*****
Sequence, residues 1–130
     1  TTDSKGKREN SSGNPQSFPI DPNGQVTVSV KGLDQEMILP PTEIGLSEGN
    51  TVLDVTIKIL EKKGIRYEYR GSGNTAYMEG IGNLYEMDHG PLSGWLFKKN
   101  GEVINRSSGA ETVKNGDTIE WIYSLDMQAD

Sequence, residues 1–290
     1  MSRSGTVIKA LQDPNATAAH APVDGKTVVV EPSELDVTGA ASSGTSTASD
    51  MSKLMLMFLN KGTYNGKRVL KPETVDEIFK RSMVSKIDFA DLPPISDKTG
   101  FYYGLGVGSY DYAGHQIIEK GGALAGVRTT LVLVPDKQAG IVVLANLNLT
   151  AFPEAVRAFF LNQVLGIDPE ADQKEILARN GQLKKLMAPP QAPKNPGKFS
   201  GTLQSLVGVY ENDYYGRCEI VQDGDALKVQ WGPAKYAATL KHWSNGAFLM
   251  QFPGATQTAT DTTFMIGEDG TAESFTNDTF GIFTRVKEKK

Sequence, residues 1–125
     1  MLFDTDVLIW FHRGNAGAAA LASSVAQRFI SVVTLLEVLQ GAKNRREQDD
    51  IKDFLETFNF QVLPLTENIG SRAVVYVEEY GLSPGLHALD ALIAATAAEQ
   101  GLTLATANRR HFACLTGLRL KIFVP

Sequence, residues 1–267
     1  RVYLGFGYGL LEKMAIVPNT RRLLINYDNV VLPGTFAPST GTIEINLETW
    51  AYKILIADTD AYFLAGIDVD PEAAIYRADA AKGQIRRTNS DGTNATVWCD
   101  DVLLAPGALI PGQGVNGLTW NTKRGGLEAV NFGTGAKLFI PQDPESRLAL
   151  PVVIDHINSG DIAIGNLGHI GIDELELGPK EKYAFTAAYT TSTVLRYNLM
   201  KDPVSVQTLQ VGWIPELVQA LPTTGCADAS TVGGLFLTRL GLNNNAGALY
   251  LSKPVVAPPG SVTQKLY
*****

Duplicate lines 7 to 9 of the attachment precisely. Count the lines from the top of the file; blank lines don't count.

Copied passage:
    51  MSKLMLMFLN KGTYNGKRVL KPETVDEIFK RSMVSKIDFA DLPPISDKTG
   101  FYYGLGVGSY DYAGHQIIEK GGALAGVRTT LVLVPDKQAG IVVLANLNLT
   151  AFPEAVRAFF LNQVLGIDPE ADQKEILARN GQLKKLMAPP QAPKNPGKFS